Three Aspects of Recommender Systems in Production

Recommender systems are everywhere. They are helpful but sometimes biased. But building a recommender system which is for sure an application of machine learning in production requires some special treatments and aspects to cover in comparison to other machine learning application like let’s say classification.

In this article I will go through three of these aspects:

1. Model Choice

How do you choose the model? What constitutes a good model?
Let’s assume you need a classification model. Pretty easy to find a baseline, right? Any classification problem statement that you might have, the random forest is probably going to work reasonably well. Unless you have images, in which case you might go with a convolutional neural network, and wallah there you have it.

But things are different in recommender systems!
If you do a survey, you will find several standards approaches, such as the class of models that won the Netflix prize called collaborative filtering models, in which it uses information about how people buy or use your items to recommend other items.

But these could be useless for some applications, and the fact that Amazon and Netflix are using these sort of models doesn’t mean they work perfectly well for you as well.

This requires a careful and detailed look at your problem statement. If novelty is an important component of your problem like if you need to recommend news articles, a collaborative filtering approach might be completely useless to you.

In collaborative filtering approach when you want to recommend a news item based on another news item, you look what sort of users looks at these two news items. If a given set of users looked at item A and the same set of users looks at item B that means these two items are similar and if a user looks at item A you should probably recommend them item B.

The problem here is that news is an area where novelty is important, and if you use collaborative filtering and the article is new, nobody looked at it, so no data to rate the recommendation and you end up not having any good result at the end.

Another areas to be considered is the popularity and continuation. For instance, if you watched a TV series and you come back to the site again, the recommendation should take into account that you might continue watching the series, or if you went to an e-commerce site and viewed and bookmarked few items, chances are that you come back to purchase them are high.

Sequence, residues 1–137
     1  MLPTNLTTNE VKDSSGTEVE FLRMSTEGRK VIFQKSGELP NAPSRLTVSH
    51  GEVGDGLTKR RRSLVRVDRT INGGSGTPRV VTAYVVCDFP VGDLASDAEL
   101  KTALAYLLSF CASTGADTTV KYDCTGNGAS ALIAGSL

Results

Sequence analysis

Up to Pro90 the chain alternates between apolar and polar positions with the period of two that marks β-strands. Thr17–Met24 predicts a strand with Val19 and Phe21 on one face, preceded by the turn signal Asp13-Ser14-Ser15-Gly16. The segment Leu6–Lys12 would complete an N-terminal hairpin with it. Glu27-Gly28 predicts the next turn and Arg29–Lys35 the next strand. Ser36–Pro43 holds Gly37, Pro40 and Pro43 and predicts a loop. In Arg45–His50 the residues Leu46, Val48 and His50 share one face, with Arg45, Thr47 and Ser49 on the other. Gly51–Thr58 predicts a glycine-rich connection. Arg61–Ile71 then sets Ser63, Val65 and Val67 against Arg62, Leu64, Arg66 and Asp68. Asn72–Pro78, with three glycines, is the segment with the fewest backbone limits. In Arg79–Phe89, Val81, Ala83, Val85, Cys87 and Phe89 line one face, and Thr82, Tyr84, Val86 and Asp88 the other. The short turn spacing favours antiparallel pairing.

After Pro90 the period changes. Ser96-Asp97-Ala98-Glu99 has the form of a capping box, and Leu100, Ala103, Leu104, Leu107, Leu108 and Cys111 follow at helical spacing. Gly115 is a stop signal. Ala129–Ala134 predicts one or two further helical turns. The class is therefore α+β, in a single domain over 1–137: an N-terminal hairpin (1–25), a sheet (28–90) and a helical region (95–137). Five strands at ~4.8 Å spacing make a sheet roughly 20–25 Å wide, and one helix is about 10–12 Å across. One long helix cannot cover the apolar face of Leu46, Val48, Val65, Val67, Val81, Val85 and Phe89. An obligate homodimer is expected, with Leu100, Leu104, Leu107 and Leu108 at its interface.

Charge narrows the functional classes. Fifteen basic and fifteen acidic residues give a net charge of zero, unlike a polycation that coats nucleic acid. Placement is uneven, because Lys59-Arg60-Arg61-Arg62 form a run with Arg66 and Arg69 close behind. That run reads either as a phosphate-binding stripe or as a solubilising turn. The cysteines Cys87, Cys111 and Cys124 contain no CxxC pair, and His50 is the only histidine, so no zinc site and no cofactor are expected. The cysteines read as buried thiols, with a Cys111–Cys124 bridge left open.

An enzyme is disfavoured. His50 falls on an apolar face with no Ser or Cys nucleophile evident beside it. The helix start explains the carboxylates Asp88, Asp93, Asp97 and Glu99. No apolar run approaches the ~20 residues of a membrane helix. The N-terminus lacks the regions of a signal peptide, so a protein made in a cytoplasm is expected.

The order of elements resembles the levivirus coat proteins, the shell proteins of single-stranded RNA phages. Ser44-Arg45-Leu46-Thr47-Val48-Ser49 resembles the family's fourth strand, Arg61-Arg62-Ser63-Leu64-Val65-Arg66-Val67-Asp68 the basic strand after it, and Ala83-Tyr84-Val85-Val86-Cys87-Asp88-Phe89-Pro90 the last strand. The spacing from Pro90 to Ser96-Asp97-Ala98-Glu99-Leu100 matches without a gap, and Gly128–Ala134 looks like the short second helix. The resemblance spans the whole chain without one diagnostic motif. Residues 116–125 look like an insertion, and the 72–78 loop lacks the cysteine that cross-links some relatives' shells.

Another factor could be metadata. Let’s recall that news items recommendation problem; You know a little bit about the user, like what sort of interest they have. So if somebody is interested in sports, and you know the given article is about the sport with its metadata, even though it’s new you have now something to go on.

If you don’t know what is the right model or indeed if there is a right one, ensemble!

Mix different models to cater to different user interactions.
But with all the above, how do you know a given model is better than another? This question takes us to the second main difference between RS and other ML applications.

2. Ensemble, ensemble, ensemble.

How do you know one model is better than another?
In recommendation systems, there is a technique called ranking metrics which defines the goal of your system is to compute a ranked list of items to recommend to a given user and a good model is the one that put users interest at the top of this list.

The usual way is offline testing is to take the interaction data, split it to a training and testing set, feed the training to model and if the result shows users interests at top of the list in comparison to test set, then you are all good.

Even though you have all these metrics and you have to use them, but the evaluation is still difficult.

What do you even measure? Browse? Click? Purchase? What is the expression of interest?
Like if you are a fashion eCommerce, people might save a lot of items (worth of thousands of dollars) but this is more like an aspiration to them than the expression of interest to purchase.

Even if you take purchases data, that’s also sparse, since people didn’t buy a lot of items and that’s not enough data to train a model.